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“I’m trying to do anything to get one more shot,” says Greenberg. “There’s no quit in what I do.”
And so another baseball season slips away, sadly.
Yet as Adam Dunn takes his last hopeless hacks for the South Siders and Alfonso Soriano of the Cubs stares up once more at a fly ball he will, inexplicably, fail to catch, my thoughts turn to another ballplayer, a player who didn’t stick around the major leagues long enough to enjoy shame or glory, a player who will finish this summer with more pride than any member of the 2011 Cubs or White Sox can justifiably claim.
His name is Adam Greenberg. Remember him? Little guy, only five nine, 180 pounds, maybe not even that, but quick as hell and smooth with the glove—perhaps not a top prospect but for sure a peppy little player. The Cubs called him up from the minors on July 7, 2005, and gave him his first chance to play in the big leagues just two days later, as a pinch hitter.
Cubs versus Marlins, top of the eighth, big lefty Valerio de los Santos on the mound for Florida. Behind the plate, Greenberg’s mother and father snapped pictures, clapped, and white-knuckled their armrests. Greenberg crouched in the batter’s box, stared out at de los Santos, bent his knees, locked his eyes on the ball, and steadied his bat, ready to go.
And then it was over. Greenberg was rolling on the ground, trying not to black out, clutching his skull with both hands, telling himself not to let go or his head would split open, telling himself not to die.
Hundreds of players have seen their big-league careers begin and end with one turn at bat. But to get just one pitch? And to have that pitch hit you in the head and knock you silly? To have that pitch leave you with months of dizziness and screaming headaches? To have that pitch put you out of the big leagues for good?
Nothing like it had ever happened in the sport.
Greenberg, like every kid with baseball dreams, had imagined his first big-league moment, playing it in his mind a hundred different ways. Sometimes it was a towering home run; sometimes it was a solidly struck single; and sometimes, more modestly, he’d pictured watching the first ball go by, just to take better measure of the opposing pitcher. But this? No way. No one thinks of being the next Moonlight Graham, who played in one game, without going to bat, for the 1905 New York Giants and was the inspiration for the character of the same name in the movie Field of Dreams. No one imagines that he might fail without getting a chance to swing the bat.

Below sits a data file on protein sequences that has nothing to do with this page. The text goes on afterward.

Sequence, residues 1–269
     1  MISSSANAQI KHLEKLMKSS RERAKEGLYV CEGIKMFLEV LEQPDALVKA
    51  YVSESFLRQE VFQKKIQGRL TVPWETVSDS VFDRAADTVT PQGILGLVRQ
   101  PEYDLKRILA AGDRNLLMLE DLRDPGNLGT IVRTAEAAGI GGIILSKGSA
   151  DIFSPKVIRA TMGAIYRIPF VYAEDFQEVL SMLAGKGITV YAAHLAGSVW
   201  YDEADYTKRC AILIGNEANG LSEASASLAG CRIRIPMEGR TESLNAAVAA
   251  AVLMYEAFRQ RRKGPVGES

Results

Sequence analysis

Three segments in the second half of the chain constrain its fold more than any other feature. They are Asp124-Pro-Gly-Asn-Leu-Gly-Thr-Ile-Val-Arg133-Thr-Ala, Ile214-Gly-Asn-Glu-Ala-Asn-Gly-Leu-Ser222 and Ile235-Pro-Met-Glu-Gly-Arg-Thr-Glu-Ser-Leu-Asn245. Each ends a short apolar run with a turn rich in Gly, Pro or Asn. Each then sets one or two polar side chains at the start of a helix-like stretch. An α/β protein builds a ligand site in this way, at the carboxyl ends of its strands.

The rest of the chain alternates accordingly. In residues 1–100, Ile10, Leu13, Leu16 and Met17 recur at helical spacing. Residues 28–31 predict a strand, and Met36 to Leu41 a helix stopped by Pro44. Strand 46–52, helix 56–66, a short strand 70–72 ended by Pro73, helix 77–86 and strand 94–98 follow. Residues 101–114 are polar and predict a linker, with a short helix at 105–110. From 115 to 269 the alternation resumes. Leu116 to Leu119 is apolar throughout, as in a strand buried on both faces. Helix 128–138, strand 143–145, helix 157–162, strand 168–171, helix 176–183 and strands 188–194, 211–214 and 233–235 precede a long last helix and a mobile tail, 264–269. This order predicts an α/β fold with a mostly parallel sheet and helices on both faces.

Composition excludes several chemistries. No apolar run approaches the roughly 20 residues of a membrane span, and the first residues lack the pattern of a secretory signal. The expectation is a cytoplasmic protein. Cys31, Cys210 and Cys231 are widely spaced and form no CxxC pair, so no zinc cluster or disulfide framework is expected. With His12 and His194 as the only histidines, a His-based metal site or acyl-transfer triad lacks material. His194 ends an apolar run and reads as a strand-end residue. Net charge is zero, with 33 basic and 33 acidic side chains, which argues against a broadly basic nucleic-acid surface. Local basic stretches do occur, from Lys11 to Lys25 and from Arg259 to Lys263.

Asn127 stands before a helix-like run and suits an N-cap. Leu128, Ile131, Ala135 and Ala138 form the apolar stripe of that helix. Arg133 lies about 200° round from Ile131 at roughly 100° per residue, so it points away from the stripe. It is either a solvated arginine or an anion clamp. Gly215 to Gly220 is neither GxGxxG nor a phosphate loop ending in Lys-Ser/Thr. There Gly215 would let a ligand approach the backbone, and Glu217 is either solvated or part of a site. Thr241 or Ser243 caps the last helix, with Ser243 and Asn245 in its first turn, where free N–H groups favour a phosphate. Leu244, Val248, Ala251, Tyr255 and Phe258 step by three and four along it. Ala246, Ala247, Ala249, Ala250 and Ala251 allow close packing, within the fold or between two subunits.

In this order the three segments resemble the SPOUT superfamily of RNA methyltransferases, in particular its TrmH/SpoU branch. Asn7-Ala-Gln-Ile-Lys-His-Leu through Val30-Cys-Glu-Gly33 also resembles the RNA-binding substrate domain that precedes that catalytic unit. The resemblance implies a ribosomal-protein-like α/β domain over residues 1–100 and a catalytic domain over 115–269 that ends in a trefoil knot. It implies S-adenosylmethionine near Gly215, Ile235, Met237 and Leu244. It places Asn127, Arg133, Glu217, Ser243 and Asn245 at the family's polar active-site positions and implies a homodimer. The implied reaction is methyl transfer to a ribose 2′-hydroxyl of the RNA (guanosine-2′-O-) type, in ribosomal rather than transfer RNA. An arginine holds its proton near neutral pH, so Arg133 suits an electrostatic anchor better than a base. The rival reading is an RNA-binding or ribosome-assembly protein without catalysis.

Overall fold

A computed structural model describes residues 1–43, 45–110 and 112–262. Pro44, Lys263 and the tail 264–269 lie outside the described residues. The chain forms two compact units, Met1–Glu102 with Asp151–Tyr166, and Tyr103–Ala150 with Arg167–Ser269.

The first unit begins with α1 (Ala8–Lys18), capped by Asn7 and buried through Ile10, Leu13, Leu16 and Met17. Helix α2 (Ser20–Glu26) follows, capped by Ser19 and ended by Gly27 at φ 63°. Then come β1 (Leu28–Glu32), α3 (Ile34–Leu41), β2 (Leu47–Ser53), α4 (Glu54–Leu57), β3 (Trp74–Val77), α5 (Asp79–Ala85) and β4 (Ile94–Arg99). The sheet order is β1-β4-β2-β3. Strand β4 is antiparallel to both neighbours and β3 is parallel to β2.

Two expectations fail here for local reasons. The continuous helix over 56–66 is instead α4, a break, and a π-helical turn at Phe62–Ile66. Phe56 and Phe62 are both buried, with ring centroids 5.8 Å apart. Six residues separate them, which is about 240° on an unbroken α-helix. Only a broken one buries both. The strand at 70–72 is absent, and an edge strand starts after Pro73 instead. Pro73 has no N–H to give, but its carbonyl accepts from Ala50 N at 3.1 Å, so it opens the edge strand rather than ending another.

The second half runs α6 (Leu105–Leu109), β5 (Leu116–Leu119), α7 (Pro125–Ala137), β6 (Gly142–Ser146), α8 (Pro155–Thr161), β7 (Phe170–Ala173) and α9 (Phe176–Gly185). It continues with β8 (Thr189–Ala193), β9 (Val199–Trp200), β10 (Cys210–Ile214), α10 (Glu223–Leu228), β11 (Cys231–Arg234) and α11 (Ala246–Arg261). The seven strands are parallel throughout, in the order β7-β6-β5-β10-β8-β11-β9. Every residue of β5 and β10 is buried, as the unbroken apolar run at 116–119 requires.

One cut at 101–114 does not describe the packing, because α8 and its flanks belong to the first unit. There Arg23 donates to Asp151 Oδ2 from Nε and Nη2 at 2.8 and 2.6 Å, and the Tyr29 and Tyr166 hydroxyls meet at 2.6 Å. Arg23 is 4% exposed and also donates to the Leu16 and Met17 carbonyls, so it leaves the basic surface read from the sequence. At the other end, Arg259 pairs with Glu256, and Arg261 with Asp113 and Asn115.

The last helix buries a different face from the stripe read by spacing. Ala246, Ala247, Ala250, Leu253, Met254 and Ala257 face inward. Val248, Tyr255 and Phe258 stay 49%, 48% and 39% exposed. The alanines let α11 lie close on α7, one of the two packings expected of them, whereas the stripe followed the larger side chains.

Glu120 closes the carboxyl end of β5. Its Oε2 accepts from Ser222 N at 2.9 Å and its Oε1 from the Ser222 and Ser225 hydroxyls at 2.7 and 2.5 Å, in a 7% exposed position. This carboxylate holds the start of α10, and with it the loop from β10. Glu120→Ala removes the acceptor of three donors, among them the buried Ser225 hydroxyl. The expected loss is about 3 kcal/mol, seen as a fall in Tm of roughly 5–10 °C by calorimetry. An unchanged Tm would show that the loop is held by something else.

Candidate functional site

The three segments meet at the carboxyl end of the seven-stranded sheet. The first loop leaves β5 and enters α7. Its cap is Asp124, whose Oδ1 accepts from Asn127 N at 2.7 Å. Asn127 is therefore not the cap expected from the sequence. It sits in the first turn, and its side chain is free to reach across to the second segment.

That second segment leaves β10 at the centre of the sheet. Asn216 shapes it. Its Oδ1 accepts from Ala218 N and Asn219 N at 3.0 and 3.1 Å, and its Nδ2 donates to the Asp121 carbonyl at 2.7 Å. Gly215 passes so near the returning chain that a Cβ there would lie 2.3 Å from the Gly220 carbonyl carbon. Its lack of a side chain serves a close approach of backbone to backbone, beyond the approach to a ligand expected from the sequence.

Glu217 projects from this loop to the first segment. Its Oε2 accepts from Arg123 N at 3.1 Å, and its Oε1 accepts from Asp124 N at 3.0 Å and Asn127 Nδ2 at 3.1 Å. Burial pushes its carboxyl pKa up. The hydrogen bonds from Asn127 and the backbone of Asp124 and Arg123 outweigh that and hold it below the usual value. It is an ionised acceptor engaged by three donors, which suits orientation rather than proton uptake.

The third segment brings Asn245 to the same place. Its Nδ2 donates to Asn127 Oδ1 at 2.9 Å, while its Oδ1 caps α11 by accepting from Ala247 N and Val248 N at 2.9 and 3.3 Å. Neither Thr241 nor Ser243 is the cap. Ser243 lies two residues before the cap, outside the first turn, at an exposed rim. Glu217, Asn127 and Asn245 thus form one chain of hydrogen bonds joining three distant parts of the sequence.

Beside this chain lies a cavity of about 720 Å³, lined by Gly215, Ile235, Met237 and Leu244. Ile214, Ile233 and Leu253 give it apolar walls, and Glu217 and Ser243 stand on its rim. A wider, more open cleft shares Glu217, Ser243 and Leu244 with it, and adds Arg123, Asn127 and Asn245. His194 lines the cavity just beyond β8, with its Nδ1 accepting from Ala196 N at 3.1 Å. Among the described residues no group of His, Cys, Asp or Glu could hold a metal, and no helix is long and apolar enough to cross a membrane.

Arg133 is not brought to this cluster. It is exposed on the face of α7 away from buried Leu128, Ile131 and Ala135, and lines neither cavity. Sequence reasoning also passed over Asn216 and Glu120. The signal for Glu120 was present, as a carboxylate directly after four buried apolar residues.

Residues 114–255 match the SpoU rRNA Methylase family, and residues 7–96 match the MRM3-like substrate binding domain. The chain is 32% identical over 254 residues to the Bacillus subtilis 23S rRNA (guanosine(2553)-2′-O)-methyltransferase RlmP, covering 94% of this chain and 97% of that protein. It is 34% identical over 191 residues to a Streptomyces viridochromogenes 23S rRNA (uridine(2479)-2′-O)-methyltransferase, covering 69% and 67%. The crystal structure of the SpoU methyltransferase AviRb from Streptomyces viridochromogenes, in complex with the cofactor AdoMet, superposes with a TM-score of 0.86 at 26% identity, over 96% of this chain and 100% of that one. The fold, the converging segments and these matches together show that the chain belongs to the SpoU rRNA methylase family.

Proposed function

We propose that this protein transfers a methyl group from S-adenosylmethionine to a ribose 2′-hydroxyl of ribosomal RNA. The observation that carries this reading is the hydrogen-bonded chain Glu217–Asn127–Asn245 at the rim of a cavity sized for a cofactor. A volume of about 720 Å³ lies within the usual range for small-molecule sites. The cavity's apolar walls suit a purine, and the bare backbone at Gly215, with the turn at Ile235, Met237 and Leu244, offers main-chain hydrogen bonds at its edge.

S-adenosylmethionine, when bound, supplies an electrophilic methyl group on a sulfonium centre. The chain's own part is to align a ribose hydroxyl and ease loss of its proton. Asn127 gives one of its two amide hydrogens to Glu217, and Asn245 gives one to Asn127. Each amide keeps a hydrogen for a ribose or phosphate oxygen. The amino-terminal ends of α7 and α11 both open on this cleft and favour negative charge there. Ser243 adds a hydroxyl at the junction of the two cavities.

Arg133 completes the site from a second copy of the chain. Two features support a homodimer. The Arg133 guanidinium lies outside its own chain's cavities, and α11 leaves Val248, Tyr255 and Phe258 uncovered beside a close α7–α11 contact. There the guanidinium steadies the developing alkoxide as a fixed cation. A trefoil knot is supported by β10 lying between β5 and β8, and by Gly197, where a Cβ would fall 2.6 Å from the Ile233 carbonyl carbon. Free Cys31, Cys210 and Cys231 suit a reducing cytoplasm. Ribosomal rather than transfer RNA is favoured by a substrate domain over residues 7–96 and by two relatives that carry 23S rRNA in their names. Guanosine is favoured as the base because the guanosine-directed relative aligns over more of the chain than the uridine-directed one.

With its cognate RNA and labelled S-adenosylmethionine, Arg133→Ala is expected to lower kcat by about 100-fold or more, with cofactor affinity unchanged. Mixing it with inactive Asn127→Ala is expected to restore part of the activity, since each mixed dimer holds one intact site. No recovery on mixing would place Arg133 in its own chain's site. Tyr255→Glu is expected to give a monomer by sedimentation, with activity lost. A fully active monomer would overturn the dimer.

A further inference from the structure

So as soon as the bells stopped ringing in his ears, Greenberg began the process of working his way back to the Cubs. He thought he would need a day or two—three at most.
“Every day I wasn’t playing, it was an opportunity lost,” he says. “I was 24 years old, and I was on the Cubs. What could be better than that? So I rushed myself to get back.”
Three weeks went by, three weeks that seemed like three years, before he told the Cubs he finally felt good enough to play again. But even as he stepped on the field for one of the organization’s minor-league teams, he knew it was too soon. Bending to tie his shoe gave him headaches that lasted hours. He told the outfielders playing alongside him that they’d have to help on balls rolling in his direction because he couldn’t look down.
After countless medical evaluations, he was diagnosed with positional vertigo. The doctors said it would pass, and eventually it did. But fear lingered.
In 2006, Greenberg played for Jacksonville, West Tennessee, and Iowa. Physically he felt fine, but he couldn’t quite dig in at the plate, especially against left-handers. He couldn’t put what had happened out of his mind. He finished the season with a .209 average, which might—might—be OK if you’re a home run hitter like Adam Dunn, but it wasn’t going to get Greenberg another shot at the bigs. Not even close.
He worked with sports psychologists and athletic trainers. The next year, playing in the Kansas City Royals’ minor-league system, he got better, hitting .266, but he was still striking out too much. There was further improvement in 2008, with a .274 average. But it still wasn’t enough. By 2009, Greenberg was no longer affiliated with a major-league team, playing for the independent Bridgeport Bluefish of Bridgeport, Connecticut, in the Atlantic League. Though it’s a low rung on the baseball ladder, the league is packed with former major-leaguers hoping for one last shot. In his first season, Greenberg hit only .248, with a whopping 124 strikeouts in 508 at-bats. He had no excuse. There was no reason for it as far as he could tell. If baseball were easy, after all, everyone would hit .330. The following season, 2010, was only slightly better: He batted .258.
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Photograph: (Greenberg) Nam Y. Huh; Illustration: GlueKitEdit Module